What’s notable about this introduction is just how much it contrasts from contemporary shooters by admitting that it’s a video game. Although genre mainstays like Doom, Quake, Half-Life etc. portray similar science fiction scenarios, the genre as a whole became the driving force for improving technology in games, leading to an association with realism. The games themselves at least partially supported this by presenting the action as part of a coherent world instead of as a series of pure ludic challenges. System Shock 2, on the other hand, does everything in its power to blur that distinction. Training takes place in a TRON-like virtual reality simulation the army’s created for new recruits. Any pretense of reality is thrown right out the window as your instructors reference your mouse and keyboard as if they were physical objects in the game world (“Press the TAB key to bring up the Items menu”).

This sets System Shock 2 up to elaborate on the relationship between video games and the military, and the nature of self-betterment that both institutions promise. For one, both contain at the core of their promises the idea that this self-betterment can only come about by transcending whatever reality you’re currently experiencing. We know this because the simulations form a strong contrast against the real world you must first navigate to reach the recruitment center. The real world is dirty, impersonal, lonely, full of ambiguity. The digital world strips away any such qualities in the hope that you’ll be better able to exercise your freedom within these spaces. Granted, areas prior to the Rickenbacker are uniformly restrictive, offering only the bare minimum amount of space they need to train you, but it’s for that reason that action within these spaces come across so clear. What’s more, these are places where you can realize any number of fantastical powers the real world would have difficulty offering, from wielding the typical set of shooter weapons (pistol, energy) to hacking digital displays and even using psychokinesis.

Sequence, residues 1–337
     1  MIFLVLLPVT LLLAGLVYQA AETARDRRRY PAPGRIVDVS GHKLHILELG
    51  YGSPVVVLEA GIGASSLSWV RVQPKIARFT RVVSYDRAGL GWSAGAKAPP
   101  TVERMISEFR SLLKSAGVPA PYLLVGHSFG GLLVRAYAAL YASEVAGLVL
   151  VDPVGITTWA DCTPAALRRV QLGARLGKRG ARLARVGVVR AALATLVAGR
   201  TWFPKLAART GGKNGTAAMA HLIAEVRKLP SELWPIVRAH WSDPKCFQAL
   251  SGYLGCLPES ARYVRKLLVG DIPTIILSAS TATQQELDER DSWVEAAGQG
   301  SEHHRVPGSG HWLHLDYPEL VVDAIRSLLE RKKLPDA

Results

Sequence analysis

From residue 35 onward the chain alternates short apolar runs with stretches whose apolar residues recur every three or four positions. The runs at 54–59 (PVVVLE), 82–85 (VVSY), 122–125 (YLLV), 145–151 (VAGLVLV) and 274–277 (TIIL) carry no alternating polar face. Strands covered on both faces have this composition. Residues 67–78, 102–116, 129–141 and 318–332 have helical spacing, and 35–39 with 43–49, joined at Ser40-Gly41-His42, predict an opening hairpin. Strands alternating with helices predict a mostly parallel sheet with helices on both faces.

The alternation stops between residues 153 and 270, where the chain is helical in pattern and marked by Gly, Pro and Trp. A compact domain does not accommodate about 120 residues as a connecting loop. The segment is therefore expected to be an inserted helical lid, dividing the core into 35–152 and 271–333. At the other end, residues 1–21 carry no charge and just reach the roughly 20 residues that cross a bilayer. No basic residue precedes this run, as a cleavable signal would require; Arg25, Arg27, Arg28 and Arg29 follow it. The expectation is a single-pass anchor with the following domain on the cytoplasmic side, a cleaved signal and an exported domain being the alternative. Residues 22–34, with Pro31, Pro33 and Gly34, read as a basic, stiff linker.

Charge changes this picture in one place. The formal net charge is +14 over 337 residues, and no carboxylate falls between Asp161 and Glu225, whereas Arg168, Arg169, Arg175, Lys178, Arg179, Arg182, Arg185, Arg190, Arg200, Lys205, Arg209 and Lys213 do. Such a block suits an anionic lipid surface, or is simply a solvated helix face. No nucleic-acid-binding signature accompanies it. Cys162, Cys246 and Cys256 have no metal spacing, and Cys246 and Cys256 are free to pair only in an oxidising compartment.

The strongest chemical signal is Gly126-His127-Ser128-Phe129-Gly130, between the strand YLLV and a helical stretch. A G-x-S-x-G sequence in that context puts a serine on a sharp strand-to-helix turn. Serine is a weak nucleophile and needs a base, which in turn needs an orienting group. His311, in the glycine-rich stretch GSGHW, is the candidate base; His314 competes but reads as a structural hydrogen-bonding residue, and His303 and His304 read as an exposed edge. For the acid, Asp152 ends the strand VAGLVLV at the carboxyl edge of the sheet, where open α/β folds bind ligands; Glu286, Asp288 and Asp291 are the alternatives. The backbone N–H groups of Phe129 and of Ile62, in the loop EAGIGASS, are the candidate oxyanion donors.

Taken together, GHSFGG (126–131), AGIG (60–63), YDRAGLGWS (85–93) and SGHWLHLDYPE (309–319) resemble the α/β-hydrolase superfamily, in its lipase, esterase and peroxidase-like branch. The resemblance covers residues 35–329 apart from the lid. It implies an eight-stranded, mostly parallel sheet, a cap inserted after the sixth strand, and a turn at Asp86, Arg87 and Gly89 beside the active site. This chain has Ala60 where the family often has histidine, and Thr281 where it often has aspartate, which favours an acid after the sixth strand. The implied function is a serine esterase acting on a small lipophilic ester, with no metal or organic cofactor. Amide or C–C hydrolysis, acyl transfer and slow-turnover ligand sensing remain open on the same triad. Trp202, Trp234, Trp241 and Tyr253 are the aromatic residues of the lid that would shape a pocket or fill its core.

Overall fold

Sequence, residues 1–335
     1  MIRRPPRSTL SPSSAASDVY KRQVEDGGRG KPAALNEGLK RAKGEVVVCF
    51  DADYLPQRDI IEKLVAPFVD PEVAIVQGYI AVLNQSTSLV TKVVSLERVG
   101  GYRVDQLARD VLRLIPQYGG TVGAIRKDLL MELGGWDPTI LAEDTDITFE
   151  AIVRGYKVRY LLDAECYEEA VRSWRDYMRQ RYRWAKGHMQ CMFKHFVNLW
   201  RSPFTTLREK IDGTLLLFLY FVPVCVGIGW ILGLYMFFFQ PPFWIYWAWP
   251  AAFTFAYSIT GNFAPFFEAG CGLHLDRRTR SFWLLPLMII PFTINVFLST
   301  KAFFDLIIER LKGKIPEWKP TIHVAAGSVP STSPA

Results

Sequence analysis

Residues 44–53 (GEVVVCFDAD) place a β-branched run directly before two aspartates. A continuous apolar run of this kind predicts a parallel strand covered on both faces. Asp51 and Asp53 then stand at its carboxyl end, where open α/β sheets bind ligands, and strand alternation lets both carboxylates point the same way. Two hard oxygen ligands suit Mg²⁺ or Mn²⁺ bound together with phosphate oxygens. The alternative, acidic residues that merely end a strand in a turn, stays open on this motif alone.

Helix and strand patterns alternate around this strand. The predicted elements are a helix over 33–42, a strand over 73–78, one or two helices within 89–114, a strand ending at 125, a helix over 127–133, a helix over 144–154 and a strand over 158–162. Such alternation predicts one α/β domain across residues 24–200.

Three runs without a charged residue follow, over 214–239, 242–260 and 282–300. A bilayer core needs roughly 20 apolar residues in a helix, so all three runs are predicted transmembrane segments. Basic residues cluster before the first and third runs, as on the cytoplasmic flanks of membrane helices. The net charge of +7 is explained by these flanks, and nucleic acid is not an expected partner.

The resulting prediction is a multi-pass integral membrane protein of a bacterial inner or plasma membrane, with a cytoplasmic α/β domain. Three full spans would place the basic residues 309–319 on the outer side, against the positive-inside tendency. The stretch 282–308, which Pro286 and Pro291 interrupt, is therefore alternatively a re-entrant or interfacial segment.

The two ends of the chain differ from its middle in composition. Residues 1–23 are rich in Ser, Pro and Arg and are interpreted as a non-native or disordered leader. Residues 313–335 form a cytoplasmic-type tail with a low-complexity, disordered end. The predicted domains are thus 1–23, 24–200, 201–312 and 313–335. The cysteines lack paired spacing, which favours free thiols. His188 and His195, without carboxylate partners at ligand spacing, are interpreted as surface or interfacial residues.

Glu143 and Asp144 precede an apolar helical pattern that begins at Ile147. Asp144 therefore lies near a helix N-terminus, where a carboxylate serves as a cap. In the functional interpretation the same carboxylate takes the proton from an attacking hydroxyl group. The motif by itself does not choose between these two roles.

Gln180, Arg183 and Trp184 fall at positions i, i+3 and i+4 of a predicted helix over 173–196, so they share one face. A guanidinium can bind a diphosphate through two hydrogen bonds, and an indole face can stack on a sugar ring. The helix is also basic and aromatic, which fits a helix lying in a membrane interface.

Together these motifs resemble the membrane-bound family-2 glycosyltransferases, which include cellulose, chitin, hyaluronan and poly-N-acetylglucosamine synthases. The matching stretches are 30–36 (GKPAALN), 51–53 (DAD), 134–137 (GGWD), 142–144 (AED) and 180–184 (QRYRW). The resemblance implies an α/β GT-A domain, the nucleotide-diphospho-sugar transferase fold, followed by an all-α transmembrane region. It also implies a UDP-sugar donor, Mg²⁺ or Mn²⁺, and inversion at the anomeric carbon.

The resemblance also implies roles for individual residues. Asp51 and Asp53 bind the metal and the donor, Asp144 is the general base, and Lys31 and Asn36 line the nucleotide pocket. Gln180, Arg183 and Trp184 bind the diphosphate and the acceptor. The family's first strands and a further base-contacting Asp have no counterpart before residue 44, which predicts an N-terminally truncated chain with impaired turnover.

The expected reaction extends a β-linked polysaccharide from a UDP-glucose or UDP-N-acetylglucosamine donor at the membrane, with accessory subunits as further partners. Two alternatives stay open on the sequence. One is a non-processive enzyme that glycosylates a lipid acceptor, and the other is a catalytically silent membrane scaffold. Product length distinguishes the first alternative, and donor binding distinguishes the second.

There is a catch: that promise remains incomplete, at least where video games are concerned. All of the powers you wield only hold value within the digital world. Step outside the simulation, and your ability to perform these actions disappears. The military’s role in this is obvious: with enough training, you’ll eventually be able carry your skills outside the digital realm and into the real world. To that end, each branch of the military advertises not a set of skills you can learn, but unique lifestyles for you to adopt. Following basic training, you can also go through three additional training simulations (one for each branch of the military): OSA, Navy, Marines. While each one emphasizes a different skill set, the more obvious difference between them is the different narrators guiding you through each one. Their personalities are each representative of the branch they train you in: there’s the Marines’ hawkish military commander, the stiff Navy technician, and his female equivalent in the OSA. Because you can’t enlist in all three branches at once, you’re encouraged to pick whichever branch you identified with the most during training. One might also note how much the military emphasizes your own choices, and how natural that feels in light of the recurring video game motifs.